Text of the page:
The Dallas Cowboys would seem fairly settled at offensive tackle for 2019, with last year's starters both still under contract and set to return. But the need for a reliable backup has become increasingly important, and Dallas may also want to use this offseason to start planning for the future.
Tyron Smith and La'el Collins return to their starting roles, but not without some concern. Smith has now missed three games in each of the last three seasons, though a few of those have been for veteran rest at the end of the year.
We all remember the Chaz Green debacle in 2017 Atlanta. That led to the Cowboys paying veteran Cameron Fleming $2.5 million last season to come and play as the swing tackle, and Smith's ongoing issues with health will make his backup an offseason priority once more.
Meanwhile, Collins has started every game since taking over as the right tackle in 2017. He's been solid but not a star, which is a disappointment after his draft year hype and some of the talent he flashed at left guard during his first two seasons.
2019 is a contract year for La'el. He will turn just 27 by the 2020 season, making him an attractive potential free agent. But his play has arguably not lived up to his current salary, which has him as one of the higher-paid right tackles in the NFL already.
Anyone who has the privilege of playing next to Zack Martin has no excuses.
Even with his many trips to the Pro Bowl, Tyron Smith isn't immune to contract talk. The 2020 offseason presents Dallas with about an $8 million cap relief opportunity by releasing Smith. It would only leave them with about $5 million in dead money, which is less than they've had when releasing stars like DeMarcus Ware, Tony Romo, and Dez Bryant in recent years.
While still just 28 years old, Tyron has been getting increasingly bothered by nagging injuries. Bad backs and necks tend to become lifelong issues, and we've already mentioned the games he's missed over the last few seasons.
When healthy, Smith is still about as good as they come at left tackle. But could his health issues spark an early decline in skill? And if it happens as soon as 2019, could Dallas start looking at that cap space more intently?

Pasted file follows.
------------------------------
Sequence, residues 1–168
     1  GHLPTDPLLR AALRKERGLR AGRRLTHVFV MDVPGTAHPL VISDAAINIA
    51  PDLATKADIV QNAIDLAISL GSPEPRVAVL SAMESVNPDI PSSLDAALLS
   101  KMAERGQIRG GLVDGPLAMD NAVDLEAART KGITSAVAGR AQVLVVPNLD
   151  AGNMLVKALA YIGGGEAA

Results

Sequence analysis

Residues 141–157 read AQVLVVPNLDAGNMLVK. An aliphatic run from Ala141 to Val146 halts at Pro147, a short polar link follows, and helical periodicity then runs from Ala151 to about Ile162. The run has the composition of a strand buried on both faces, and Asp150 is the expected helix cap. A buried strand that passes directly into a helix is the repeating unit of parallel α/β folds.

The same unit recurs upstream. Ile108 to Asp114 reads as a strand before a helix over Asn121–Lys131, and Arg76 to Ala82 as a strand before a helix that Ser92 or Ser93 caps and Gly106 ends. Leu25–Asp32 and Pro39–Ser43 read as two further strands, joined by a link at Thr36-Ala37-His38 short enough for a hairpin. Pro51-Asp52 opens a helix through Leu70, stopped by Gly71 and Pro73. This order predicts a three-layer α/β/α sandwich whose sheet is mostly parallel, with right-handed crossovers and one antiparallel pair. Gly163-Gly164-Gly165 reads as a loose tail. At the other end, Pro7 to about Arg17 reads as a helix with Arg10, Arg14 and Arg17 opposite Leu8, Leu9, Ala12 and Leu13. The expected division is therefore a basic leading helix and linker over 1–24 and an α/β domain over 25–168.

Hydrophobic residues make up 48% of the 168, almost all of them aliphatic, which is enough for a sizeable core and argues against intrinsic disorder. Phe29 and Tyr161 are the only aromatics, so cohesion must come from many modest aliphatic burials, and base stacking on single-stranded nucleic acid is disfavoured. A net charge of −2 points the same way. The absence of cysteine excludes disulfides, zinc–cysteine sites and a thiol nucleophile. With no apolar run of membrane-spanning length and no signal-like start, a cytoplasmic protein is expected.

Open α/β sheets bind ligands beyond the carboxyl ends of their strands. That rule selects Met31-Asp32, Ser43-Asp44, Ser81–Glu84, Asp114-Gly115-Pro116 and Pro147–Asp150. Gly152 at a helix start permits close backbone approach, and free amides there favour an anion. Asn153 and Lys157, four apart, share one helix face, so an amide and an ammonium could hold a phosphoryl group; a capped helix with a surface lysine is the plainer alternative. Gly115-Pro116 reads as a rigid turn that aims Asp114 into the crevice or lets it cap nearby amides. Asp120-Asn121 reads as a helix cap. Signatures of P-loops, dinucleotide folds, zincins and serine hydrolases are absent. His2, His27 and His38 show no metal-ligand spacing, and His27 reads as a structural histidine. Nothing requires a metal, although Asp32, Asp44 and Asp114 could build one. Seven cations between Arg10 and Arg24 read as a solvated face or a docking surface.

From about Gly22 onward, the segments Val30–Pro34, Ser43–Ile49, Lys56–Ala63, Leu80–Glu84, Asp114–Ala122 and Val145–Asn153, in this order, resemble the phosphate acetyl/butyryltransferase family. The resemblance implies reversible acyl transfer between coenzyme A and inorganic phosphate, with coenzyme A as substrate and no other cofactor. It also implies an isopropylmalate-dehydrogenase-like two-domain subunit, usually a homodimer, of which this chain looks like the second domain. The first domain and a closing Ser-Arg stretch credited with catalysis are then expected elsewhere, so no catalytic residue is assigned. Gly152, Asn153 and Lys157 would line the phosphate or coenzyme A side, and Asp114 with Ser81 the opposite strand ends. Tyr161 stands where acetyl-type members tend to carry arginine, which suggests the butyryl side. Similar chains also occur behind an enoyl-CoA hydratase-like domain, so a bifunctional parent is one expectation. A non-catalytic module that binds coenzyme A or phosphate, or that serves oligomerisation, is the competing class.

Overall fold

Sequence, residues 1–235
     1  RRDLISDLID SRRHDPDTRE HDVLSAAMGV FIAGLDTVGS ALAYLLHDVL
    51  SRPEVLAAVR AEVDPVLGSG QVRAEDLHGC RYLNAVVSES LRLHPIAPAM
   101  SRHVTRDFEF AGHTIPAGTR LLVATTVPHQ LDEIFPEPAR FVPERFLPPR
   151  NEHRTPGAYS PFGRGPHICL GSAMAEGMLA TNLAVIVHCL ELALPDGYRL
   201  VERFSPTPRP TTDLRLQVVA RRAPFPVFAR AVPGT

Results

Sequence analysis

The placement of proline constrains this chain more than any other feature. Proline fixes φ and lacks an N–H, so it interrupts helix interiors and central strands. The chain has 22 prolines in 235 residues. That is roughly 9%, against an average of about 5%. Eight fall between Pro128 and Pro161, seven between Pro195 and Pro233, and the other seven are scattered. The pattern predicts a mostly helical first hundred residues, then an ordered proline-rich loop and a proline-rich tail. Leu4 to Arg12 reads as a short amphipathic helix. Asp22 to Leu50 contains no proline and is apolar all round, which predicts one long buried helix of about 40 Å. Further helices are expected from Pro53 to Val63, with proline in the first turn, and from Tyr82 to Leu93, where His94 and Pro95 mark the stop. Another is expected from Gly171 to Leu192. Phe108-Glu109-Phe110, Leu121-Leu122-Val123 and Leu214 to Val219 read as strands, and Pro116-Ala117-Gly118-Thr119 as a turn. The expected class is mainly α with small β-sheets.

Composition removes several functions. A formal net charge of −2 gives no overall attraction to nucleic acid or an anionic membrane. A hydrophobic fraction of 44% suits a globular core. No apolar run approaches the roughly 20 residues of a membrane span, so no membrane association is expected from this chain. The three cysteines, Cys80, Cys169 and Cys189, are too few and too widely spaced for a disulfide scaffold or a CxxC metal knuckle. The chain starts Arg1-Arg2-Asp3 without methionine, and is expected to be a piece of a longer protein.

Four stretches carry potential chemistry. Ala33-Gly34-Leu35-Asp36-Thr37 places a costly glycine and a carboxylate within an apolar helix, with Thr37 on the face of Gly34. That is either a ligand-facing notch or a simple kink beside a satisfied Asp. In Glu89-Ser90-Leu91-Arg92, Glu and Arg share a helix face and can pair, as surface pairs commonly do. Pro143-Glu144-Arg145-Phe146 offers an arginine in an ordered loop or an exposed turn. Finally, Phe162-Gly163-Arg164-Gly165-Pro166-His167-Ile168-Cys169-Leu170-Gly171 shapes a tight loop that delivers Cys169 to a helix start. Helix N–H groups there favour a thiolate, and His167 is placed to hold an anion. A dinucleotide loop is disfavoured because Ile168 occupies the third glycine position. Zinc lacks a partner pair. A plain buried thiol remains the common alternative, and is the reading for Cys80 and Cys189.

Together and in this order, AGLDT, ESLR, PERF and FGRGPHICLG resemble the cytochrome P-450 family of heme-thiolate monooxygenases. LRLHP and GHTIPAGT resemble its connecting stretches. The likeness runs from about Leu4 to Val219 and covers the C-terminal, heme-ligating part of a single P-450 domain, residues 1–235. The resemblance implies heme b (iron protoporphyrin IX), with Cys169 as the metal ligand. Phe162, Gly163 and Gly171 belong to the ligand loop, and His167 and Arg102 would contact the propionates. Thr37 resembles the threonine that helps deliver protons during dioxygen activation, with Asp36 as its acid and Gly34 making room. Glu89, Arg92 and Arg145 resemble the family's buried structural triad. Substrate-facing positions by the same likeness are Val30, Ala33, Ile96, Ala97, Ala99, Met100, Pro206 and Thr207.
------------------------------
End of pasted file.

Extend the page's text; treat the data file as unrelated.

With Cameron Fleming now a free agent and these 2020 question marks looming on both starters, there's a good argument for the Cowboys to spend their second or third-round pick at offensive tackle.
Ideally, a "Day 2" rookie would be able to take over as the swing tackle this year. Dallas could still sign a veteran insurance policy to compete in camp and the preseason, or even carry both players next season.
But more important aspect would be taking a player now to groom for 2020, when you might need to make a big decision on either Collins or Smith's future. Or, at the very least, have a solid swing tackle in place for the duration of his four-year rookie contract.
That said, free agency starts a month-and-a-half before the NFL Draft. The Cowboys can't really afford to wait for the draft to find a swing tackle, or else they may wind up with nothing.
The simplest move would be to just re-sign Cam Fleming. He is an adequate player with plenty of experience, and could likely be retained for about the same salary as last year.
But given Fleming's age (26) and experience, which includes starting in playoff games and even a Super Bowl for the Patriots, he could attract teams looking for even more than just a backup. Thankfully, there a still a number of veterans out there if Dallas has to find a replacement.
One guy to consider, especially for just a one-year deal, is Ty Nsekhe from the Redskins. He's a native of Arlington, TX and has started 14 games over the last three seasons, backing up the oft-injured Trent Williams. On the negative side, Nsekhe turns 34 next October.
As a whole, this 2019 offseason doesn't present any immediate dangers. The Cowboys will need to figure out their swing tackle situation by either re-signing Fleming, adding a different veteran, or drafting a replacement.
But given the contract situations of Tyron Smith and La'el Collins in 2020, Dallas could make a move in the next few months to help prepare for a potential big change a year from now.
Dallas Cowboys 2019 Offseason Preview: Linebacker
One of the brightest spots on the Dallas Cowboys' projected 2019 roster is linebacker. The young pair of Jaylon Smith and Leighton Vander Esch have already emerged as one of the league's best duos. But that doesn't mean that the Cowboys have no work to do at the position this offseason.
Having Jaylon and Leighton does take a lot of pressure off. Most teams utilize their nickel scheme more than any other these days, which generally utilizes just two linebackers, in the increasingly pass-focused NFL. And thankfully, both Smith and Vander Esch have shown great skills in pass defense.
But there's still a semi-starting role to get figured out in the base 4-3 scheme. Damien Wilson has held the strong-side or "SAM" position for the last few years and has an expiring contract.
What's more, Dallas has a big decision to make regarding the contract of Sean Lee, which is ripe for terminating with $7 million in salary cap savings possible.
It's highly unlikely that the Cowboys would keep both Lee and Wilson. If they decide to re-sign Damien, Lee will be cut to help fund that move and others. If Sean is kept on, Wilson will almost surely be looking for a starting role somewhere else in free agency.